JEWELLIf we are not relevant to all Americans, how can we expect to be supported? And so I applaud Christian for joining the National Park Service, for bringing, I assume it's a man, his perspective to the national parks and showing the face of the national parks to be more representative of our population. We need more Christians out there. We need more people of color. It's certainly part of our recruiting effort. I also say, again, Diane, back to our conversation of the public sector versus the private sector, it is hard to go through a hiring process in the federal government, and there are a lot of restrictions on who we can and can't hire and preferences, which makes it harder to turn the ship on this than it in the private sector. But I know it's very important.
REHMTo Herndon, Virginia, hi there, Josh.
JOSHHi Diane, and hi Secretary Jewell. So I wanted to raise a question for you. I'm a volunteer at the Claude Moore Colonial Farm, and it's right here in McLean, Virginia. First, I want to say thanks for the national parks. My family is an avid user of all the local facilities, and we enjoy them tremendously. But as a volunteer at the Claude Moore Colonial Farm, their mission is education and outreach. They portray the lifestyle of a poor tobacco farmer in the 18th century, and they have wonderful child outreach and education program and community events.
JOSHI'm specifically concerned over their lack of ability to obtain a new cooperative agreement with the National Park Service. They are privately funded but operate on National Park Service land, and they do a wonderful job of maintaining the property and communication, community education and outreach. But I understand they've been trying to renew their 30-year cooperative agreement for the past couple of years, and it expires September 30 of this year.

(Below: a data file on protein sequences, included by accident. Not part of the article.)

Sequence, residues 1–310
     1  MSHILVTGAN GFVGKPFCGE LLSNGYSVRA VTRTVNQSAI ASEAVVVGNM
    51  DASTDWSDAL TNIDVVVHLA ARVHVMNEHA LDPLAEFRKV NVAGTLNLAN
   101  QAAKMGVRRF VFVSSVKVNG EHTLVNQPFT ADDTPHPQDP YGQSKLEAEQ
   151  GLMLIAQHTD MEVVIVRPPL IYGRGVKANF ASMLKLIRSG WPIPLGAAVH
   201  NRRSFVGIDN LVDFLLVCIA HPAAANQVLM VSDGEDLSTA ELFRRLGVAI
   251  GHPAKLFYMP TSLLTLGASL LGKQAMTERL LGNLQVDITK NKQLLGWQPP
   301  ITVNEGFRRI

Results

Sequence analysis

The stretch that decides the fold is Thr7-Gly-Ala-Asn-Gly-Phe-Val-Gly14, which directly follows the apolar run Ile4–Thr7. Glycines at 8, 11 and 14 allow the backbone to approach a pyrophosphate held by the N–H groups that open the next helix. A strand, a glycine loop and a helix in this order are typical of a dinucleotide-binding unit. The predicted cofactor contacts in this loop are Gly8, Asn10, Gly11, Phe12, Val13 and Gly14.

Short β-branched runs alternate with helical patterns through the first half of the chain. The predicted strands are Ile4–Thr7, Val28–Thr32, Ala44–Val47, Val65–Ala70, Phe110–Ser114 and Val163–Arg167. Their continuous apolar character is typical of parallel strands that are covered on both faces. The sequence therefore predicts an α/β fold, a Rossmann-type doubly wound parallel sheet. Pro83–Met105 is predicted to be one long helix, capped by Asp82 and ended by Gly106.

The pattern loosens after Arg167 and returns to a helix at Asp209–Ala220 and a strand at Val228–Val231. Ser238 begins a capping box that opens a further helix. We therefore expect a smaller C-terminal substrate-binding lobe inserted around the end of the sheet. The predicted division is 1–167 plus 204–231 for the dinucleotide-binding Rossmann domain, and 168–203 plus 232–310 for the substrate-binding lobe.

JOSHGiven your commitment to bring the National Park Service into the next 100 years, why wouldn't the NPS want to renew such a valuable partnership with an organization that doesn't cost the taxpayers anything?
REHMAll right, Josh, and you're listening to the Diane Rehm Show. Secretary Jewell?
JEWELLThanks for the question, Josh, and more importantly, thanks for being a volunteer and bringing what it was like to be a farmer in colonial days to life in Claude Moore National Park. I have not been out there. I'll need to put it on my list to go. So specifically as to the renewal of that contract, I don't know. As you might imagine, there's -- that's getting down a bit into the weeds in terms of my job, but I'm very happy to follow up with the Park Service and ask them about that.
JEWELLBut more broadly speaking, you know, it used to be that volunteers were the margin of excellence, and it sounds like you have provided a margin of excellence in that park. But right now with the kind of funding situation we have, volunteers are the margin of survival for us. We've got, across the National Park Service, about 250,000 volunteers, which is more than 10 times the number of employees that we have in the National Park Service. They are our margin of survival. They are the people that bring things to life, like colonial farms, that answer questions at our visitor centers, that man our campgrounds, that do trail work, along with 21st Century Conservation Service Corps and young people that are out working on public lands. And we could not do our job without them, so...